Want to get a ceiling fan but you aren’t sure about how much power it uses and if that’s worth it? Here’s what you want to know.
A normal new ceiling fan for residential use consumes 25-50 Watts (about $7-$15 a year) at the highest speed. Ceiling fans are one of the most energy efficient ways to stay comfortable year round. Ceiling fans can also reduce power bills if used in combination with A/C and/or heating.
Below you can read how much electricity ceiling fans use, what’s the most efficient way to use it and how to save even more money.
Ceiling Fan Power Consumption
How much power a ceiling fan consumes depends on a few factors. Design, quality, motor type and size are some of those factors. If you run the fan at full speed also has an impact.
If you look at the power ratings of residential ceiling fans (48”-60”), you’ll see that most of the models are rated to consume between 30 and 40 Watts. A few models are even lower than that with ratings just above 20 Watts. Some of the less efficient models consume a bit more power but more than 50 Watts is rare for a new residential ceiling fan.
Power consumption in isolation doesn’t tell the whole story though. Because one fan can use very little power but they also don’t move a lot of air. So the amount of airflow you get per Watt is actually not that good.
The fairest way to look at it is CFM/W or airflow per Watt. However, that’s not always easy to figure out and just getting the most efficient fan doesn’t necessarily mean you end up with the best fan for your situation. Larger fans tend to be more efficient but you might not need or be able to fit a fan that large. Also, not all manufacturers are completely transparent with how this is measured exactly. They might claim the power consumption for the low setting while using the CFM rating for the high setting for example. So looking at both the total power consumption and CFM/W is necessary.
However, as a general rule you can look for a CFM/W that’s higher than 100. That means that fan produces 100 CFM of airflow for every Watt it consumes. Most fans that show the energy rating will show both the total energy consumption and CFM/W. Above 200 is possible on some of the very efficient models.
If you have an older ceiling fan, there is a good chance it uses quite a bit more electricity than the ones in the list above.
Is a Ceiling Fan More Efficient Than A/C?
Does a ceiling fan use less electricity to keep you cool than an A/C unit? A ceiling fan and an air-conditioning unit do two very different things although they both have the goal of keeping people inside a space comfortable.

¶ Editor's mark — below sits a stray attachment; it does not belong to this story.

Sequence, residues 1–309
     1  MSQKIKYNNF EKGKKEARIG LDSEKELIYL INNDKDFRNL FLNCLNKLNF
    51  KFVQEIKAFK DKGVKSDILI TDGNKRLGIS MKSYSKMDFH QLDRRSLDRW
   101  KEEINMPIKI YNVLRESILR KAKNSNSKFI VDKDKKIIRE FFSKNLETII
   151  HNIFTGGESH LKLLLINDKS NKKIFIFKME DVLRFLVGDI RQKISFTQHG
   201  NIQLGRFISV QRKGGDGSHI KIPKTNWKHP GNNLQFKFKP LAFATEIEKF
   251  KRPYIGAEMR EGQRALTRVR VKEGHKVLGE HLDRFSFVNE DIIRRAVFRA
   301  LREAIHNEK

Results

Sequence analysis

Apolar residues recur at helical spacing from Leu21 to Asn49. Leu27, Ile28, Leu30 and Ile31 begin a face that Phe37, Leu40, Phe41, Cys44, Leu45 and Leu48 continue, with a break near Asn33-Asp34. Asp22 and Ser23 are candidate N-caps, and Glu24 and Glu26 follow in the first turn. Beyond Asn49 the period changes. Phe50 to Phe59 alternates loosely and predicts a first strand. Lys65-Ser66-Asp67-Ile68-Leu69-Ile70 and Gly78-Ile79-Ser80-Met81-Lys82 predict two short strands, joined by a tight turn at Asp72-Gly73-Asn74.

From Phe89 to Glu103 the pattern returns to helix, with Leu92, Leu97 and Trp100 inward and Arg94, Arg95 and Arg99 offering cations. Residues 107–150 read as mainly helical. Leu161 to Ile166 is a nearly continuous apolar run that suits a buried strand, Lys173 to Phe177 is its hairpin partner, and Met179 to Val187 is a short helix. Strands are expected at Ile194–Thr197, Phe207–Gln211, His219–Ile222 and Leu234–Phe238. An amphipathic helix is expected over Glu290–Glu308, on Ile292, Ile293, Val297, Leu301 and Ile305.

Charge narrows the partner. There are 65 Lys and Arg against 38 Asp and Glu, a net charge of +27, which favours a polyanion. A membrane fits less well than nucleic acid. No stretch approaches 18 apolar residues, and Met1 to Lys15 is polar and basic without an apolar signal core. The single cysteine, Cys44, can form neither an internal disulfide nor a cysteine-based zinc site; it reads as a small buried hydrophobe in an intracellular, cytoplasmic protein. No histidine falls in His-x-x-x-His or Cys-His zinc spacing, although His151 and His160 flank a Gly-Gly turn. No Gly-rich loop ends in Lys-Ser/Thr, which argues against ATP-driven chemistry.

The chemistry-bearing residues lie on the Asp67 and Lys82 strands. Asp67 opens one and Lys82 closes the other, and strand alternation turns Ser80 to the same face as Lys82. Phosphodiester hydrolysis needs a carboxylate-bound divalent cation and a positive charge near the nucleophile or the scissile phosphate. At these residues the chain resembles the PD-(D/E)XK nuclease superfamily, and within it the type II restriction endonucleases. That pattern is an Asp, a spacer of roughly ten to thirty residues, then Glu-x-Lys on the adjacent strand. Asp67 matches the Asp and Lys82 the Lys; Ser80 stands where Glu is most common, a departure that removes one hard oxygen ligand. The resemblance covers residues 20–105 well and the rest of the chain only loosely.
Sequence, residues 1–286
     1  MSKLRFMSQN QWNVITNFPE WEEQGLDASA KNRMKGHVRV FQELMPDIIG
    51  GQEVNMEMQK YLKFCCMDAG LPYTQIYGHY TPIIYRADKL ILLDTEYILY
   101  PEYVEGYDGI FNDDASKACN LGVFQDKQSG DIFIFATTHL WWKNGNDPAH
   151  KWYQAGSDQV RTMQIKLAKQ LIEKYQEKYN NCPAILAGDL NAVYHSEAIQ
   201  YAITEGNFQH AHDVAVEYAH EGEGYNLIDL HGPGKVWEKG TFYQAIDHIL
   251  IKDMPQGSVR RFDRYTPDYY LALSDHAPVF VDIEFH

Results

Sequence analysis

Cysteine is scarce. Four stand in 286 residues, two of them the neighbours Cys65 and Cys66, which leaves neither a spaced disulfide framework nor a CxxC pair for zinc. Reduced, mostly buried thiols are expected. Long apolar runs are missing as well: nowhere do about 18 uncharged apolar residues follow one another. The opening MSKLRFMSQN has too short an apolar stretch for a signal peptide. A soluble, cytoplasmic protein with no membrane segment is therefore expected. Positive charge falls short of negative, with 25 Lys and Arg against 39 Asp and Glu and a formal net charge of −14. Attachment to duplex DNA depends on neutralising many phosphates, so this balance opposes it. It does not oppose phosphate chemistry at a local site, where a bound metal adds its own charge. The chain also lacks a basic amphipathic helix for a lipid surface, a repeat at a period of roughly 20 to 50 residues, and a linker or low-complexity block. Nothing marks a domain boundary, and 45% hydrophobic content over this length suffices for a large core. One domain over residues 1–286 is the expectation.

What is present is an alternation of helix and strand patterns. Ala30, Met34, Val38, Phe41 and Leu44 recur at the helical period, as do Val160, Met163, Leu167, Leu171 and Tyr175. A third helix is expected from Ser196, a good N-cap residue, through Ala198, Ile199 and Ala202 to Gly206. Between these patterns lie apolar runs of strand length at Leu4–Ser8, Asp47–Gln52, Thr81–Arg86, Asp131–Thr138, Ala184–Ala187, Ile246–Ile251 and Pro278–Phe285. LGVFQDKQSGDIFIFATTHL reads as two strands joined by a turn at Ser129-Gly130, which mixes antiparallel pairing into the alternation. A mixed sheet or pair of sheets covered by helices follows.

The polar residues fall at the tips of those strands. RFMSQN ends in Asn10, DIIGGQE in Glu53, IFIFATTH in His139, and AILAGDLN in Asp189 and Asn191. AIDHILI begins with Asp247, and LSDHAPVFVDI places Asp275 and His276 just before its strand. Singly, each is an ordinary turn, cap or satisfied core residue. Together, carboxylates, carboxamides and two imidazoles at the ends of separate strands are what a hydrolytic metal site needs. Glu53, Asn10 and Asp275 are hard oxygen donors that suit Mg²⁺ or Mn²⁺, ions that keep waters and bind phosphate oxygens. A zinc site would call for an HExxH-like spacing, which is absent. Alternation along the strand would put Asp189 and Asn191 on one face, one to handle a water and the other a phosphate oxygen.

However, air-conditioning actually cools down the air in a room. You can set the temperature and the A/C will (try) to get the air in the room to that set temperature. In the process it provides a little airflow in order to distribute the cool air from the unit into the room.
A ceiling fan does not cool the air temperature in the room. It provides airflow which helps cool people and pets down by providing a breeze. Everyone will know this works if you’ve ever felt a breeze or wind. A ceiling fan can also help distribute fresh air through the room if there is an open window or door for example.
Air conditioning uses a lot more electricity per hour than a ceiling fan to get to the same comfort level. A big ceiling fan on the highest setting will use about 50 Watts while a split A/C unit uses 500-1000 Watt at least. So comparing A/C and a ceiling fan, there is no competition. A ceiling fan uses much less energy.
However, sometimes a ceiling fan alone is not enough to get you comfortable. Using a ceiling fan in combination with A/C can be very effective at reducing power usage in that case. Because of the wind-chill effect, you can turn down (or is it up) the A/C a few degrees higher. That means you knock a few hundred Watts of the energy consumption of the A/C in return for at most 50 Watt consumption from the ceiling fan. That’s a pretty good deal in my opinion.
How To Pick An Energy Efficient Ceiling Fan?
So while ceiling fans don’t actually use all that much electricity compared to some other cooling methods, it’s always good to save a little bit extra on your electric bill. How can you pick a ceiling fan that uses the least amount of electricity?
There are a few things you can look for:
- DC motor
- Energy rating
Power Consumption Rating
Of course the first thing you should take a look at the energy rating of the fan. Many fans have their energy consumption advertised somewhere in the specs. This way you can have a very good idea of how much power the fan will use. Usually the rating will be at full speed unless otherwise advertised.
However, you won’t often run a ceiling fan at full speed. At lower speeds the energy consumption will be significantly lower than at full speed. Your car won’t get the same fuel economy using full throttle everywhere than if you drive sensibly. And while it’s not bad to run a ceiling fan at full speed, if you need to do so, it’s better to get a bigger/stronger fan.
Another easy thing that’s easily spotted is an Energy Star logo. Energy Star claims that ceiling fans with their rating use 60% less electricity than a ‘conventional’ ceiling fan. They are not too forthcoming about what a ‘conventional’ ceiling fan exactly is but to get the rating a ceiling fan needs to produce a certain amount of airflow per Watt of energy consumption.
So while the Energy Star rating might not guarantee the absolute most efficient ceiling fan, you can expect a pretty good level of efficiency.